As the month of October begins, we get closer to the end of the semester. For many, it’s when you load up on your caffeinated drink of choice and go. It’s the beginning of your journey to try to save your grades. It’s the time student stress out the most and the teachers put the most pressure on you. But, what if I told you that you’re not just a number.
When we begin our schooling, we’re expected to do the absolute best, it’s something to strive for. I remember stressing out in middle school on homework. We’re told our future relies on doing our very best all the time and then get into the best colleges to get the best job to make the most money to then live the best life possible. It’s so competitive that we also have to do as many extracurricular activities and volunteer work as possible to stand out among those who also get good grades. After a full day, you’re exhausted from school and activities. Something is clearly wrong if the number of children treated for depression (between the ages of 7 to 17) have doubled.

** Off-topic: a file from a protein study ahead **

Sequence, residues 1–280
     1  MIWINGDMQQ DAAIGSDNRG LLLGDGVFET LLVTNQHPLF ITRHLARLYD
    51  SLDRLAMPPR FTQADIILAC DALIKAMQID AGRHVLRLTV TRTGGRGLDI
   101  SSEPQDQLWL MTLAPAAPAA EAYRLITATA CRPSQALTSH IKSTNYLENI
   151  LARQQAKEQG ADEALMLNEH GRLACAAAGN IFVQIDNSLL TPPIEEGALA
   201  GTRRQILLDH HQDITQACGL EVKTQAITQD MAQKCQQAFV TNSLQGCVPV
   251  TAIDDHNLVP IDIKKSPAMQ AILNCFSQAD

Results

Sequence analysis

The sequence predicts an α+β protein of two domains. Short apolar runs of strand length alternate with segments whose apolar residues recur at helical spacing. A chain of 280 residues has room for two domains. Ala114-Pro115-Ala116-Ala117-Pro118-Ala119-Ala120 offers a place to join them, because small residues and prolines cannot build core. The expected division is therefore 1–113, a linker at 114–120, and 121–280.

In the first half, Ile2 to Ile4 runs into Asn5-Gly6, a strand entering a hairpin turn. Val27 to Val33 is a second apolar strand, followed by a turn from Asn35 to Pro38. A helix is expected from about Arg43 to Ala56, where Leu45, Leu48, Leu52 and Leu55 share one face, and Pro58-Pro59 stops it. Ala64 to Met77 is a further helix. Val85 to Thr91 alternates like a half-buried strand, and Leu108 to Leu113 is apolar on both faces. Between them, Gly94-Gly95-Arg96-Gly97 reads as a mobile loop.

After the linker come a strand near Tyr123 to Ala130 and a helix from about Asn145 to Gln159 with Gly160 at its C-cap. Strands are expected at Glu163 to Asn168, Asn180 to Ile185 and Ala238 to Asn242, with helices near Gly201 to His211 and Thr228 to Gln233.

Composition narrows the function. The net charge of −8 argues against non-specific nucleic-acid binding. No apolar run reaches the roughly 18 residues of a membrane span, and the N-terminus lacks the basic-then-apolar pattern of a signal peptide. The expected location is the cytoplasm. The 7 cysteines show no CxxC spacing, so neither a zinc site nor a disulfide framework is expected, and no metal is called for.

It’s important to always study and do your best in school, but to not overwork yourself. You have to think of your health as you won’t be able to do anything if you keep pushing it. That one test grade isn’t going to ruin your chances of getting into a school. I don’t think the person who overlooks your file is going to be upset because you didn’t do one or two of those activities either. It may take time to remind yourself of this, but you have to. No matter what age or level of school you're at.
With that, here are a few tips on surviving school, no matter where you are in your academic career:Get a planner: I can’t stress enough how those actually help. Keep track of homework, activities and even how much sleep you get/how much water you drink/how many meals. Even keep track of what triggers your anxiety and depression. It helps as a reminder to actually do the necessary things that you need to.
Practice coping mechanisms: I know you may be thinking, “those breathing and counting to 10 things don’t work,” but they actually do. I used to think the same thing, but they actually do. You have to focus on your breathing and counting in order for it to work. Maybe that involves being by yourself for a few minutes or so, but if that’s what it takes.
Laugh a little: It sounds so twisted possibly, like how am I expected to laugh when I’m stressing? You’d be surprised at how helpful it is.
Talk it out: Don’t be afraid to go to a friend, parent, teacher, mentor, counselor, the Internet, whoever. There are people that care and want to make sure you do your very best.